Is self-publishing destroying literature? Hardly, but the debate about self-publishing (which I’m using as a blanket term to describe indie publishing, independent publishers, author / publishers, vanity publishing and subsidy publishing and any other name used to refer to someone who is publishing via non-traditional routes) has been blowing up online forms since the late 1990s, and real-life writers’ group discussions long before that. Although the reading public is beginning to accept self-published books (more so in some genres than others), there are still many industry professionals who liken self-publishing to the downfall of humanity.

Rather than fight the traditional industry head-on — which seemed to be the initial plan, independent publishers are instead building new roads to readers. Amazon, a company that seems determined to take over the industry from publishing to selling, is playing a significant role in changing the landscape. Not only does Amazon’s Kindle e-reader dominate the market, but its digital publishing arm has made e-book publishing free, and relatively simple. Amazon has also made huge inroads in the print book market and has welcomed self-publishers with open arms through it’s print publishing company CreateSpace (which developed from their acquisition of Digitz/BookSurge/GreatUnpublished).

Not everyone is happy with these changing world of publishing, though. Only a year ago a poster named Mark Stephenson wrote, “As far as I am concerned, the self-publishing “revolution” means that instead of the slush pile being confined to a professional editor’s shelf it can now be delivered directly to your e-reader by Amazon,” in the comments’ section of this Good E Reader post   titled Self-Published Authors Are Destroying Literature.

Just eight months ago “DrewScarymore” responded to the same article with, ” I have a rule, I will never review a self published book.” Plenty of people use their keyboards to defend self-publishing, as well.

There’s no arguing that this new age of publishing options offers a platform to people whose books might otherwise go unpublished. Some of these books deserved to stay in a quiet drawer somewhere. Others, not so much. Rejection letters are penned as quickly for marketing and financial reasons than for the quality of prose. If a manuscript targets a niche market, or seems to be too unique to tie down to one genre, it’s probably not going to be picked up by a large publishing house. That doesn’t mean How to Paint Doorknobs Without a Brush can’t go on to make $10,000; Which would probably make an indie publisher quite happy, but do little to impress Random House.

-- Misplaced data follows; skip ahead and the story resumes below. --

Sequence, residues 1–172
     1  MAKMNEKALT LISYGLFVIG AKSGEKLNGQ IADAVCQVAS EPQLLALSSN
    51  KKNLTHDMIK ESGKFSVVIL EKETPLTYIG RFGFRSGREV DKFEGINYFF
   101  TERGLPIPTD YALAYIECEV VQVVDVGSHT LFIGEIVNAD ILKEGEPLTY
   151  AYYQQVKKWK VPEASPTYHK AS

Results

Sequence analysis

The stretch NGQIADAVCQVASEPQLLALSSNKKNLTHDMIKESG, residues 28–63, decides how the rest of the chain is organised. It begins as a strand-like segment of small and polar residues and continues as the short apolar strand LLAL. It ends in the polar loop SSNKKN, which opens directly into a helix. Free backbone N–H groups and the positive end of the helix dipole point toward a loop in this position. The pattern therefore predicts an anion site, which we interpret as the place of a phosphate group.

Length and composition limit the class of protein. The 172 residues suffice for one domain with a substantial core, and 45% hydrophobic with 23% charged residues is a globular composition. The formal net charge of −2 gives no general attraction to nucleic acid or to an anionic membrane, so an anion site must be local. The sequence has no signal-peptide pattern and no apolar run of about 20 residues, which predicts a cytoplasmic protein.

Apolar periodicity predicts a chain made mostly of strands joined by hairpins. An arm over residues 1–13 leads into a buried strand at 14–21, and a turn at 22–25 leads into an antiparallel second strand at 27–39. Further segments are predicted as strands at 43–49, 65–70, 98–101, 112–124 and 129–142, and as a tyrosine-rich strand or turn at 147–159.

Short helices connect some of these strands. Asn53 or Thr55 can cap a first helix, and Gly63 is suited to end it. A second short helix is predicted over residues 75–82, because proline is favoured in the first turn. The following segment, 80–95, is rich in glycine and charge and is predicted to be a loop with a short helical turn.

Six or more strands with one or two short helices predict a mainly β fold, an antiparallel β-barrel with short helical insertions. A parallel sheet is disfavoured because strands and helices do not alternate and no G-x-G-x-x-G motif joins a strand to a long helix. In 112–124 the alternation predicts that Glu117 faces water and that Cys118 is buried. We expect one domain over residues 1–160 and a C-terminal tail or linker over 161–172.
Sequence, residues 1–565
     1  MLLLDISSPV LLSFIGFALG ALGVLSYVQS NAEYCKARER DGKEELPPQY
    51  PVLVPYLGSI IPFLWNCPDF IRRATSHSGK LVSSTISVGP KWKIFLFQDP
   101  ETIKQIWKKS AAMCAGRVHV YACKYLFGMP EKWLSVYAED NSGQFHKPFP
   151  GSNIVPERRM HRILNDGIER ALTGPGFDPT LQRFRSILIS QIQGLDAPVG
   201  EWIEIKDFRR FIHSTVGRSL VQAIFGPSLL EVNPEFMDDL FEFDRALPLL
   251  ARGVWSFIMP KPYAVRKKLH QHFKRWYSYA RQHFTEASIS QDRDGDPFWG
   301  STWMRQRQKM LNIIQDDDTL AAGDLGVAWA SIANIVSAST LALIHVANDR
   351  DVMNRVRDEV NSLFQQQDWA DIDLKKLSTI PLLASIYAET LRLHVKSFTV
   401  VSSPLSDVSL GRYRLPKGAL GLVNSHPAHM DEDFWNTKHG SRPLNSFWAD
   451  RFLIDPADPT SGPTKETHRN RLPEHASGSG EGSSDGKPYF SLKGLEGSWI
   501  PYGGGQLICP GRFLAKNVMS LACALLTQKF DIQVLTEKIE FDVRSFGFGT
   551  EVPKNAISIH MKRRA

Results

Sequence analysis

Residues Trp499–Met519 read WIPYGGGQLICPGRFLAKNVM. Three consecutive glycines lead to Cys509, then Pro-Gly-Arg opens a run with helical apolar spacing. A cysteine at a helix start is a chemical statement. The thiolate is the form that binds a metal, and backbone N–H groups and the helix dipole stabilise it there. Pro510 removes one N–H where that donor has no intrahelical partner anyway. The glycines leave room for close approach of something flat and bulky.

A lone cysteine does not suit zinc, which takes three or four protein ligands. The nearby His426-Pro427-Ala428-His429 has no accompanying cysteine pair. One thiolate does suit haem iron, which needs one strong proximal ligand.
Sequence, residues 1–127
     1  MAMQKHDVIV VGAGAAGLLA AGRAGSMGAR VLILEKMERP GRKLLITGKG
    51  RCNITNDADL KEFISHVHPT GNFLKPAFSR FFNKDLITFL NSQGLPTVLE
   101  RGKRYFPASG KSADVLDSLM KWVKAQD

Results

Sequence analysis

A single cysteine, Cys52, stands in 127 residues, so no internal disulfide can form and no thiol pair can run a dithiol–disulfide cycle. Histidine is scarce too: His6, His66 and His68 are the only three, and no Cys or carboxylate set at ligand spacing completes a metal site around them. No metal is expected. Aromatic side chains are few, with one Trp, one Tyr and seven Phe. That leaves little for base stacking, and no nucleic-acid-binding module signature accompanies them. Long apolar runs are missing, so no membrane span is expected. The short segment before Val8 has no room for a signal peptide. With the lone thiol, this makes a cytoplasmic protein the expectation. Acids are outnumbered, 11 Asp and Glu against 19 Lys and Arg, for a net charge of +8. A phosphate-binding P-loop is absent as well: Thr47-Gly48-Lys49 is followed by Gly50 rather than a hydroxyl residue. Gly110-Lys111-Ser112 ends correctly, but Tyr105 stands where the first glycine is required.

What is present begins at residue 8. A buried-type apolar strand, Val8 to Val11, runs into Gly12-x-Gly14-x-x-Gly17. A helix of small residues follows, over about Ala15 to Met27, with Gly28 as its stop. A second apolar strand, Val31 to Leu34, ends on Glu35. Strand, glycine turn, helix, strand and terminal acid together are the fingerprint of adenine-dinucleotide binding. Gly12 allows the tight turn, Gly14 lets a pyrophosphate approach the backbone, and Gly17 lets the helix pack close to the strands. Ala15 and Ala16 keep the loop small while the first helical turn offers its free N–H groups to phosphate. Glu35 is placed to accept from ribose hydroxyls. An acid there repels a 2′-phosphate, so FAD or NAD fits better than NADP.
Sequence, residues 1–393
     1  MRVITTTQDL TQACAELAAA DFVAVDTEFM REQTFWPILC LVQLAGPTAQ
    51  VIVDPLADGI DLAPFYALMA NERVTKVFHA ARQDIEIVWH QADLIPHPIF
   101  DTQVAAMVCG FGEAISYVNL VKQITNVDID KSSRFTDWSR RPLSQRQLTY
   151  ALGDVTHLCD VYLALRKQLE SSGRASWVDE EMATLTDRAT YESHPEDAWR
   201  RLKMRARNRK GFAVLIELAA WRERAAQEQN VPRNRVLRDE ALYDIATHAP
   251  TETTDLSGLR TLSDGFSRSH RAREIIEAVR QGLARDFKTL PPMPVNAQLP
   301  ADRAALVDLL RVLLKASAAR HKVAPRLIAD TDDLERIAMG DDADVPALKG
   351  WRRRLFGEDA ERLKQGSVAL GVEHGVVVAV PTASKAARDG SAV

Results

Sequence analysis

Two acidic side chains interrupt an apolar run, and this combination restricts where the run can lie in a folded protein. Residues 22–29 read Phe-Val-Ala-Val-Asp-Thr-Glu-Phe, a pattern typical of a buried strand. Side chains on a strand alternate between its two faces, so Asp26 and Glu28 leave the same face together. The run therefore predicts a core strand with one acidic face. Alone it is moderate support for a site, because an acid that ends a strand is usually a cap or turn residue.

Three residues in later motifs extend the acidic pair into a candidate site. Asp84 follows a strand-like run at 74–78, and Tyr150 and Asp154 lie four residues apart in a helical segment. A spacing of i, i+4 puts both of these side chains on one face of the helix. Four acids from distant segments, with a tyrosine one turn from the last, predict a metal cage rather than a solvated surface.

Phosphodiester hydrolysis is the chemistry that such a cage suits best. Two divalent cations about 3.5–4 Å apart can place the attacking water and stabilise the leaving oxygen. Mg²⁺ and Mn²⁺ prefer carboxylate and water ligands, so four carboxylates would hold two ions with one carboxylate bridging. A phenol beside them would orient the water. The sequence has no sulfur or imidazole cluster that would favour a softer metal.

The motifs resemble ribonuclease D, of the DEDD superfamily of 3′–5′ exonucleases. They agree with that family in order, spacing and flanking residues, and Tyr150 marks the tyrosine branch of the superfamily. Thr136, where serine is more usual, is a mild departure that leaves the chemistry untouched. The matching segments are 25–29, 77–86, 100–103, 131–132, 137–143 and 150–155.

The new wave of success stories — which includes independent authors / publishers like Hugh Howey and Amanda Hocking — seems to have raised the perceived legitimacy of self-publishing considerable. In fact, many traditionally-published authors have started self-publishing their own back lists and new books, including one of my own clients, Pam Crooks, who I previously interviewed for this blog. Well-known author Martha Beck, who I’ve designed CD covers for, regularly produces and publishes her own material. And you can read Harry Bingham’s (not my client, but I wish) reasons for self-publishing here.

As optimistic as all this sounds, very few independent authors will ever see such success. Out of the millions of self-published e-books available on Amazon, only 40 authors have actually obtained noteworthy sales, according to this blog.  However, in the comments’ section of that article, “Brian” says, “I am part of a discussion group of fifty indies and hybrids. The mean income is $150,000-$250,000 per year. Very few of us have reached one-million copies — though some have.” I guess it depends on what people consider success. For some people merely being able to claim they’re published authors is more than enough. Others hope to make a living and quit their day jobs, and that seems attainable, although from easy.

It really does seem to have become a divided industry, with independent publishers simply forging ahead and building their own markets alongside the traditional publishing model. There’s every chance that indie publishers will take the lead in the digital publishing world — which was largely ignored by traditional publishers, who not only came late to the game, but didn’t really offer much of a price reduction compared to their print books. The POD (print-on-demand) method many indies choose for taking their books to print though is still more expensive for consumers. I wonder what the next decade holds?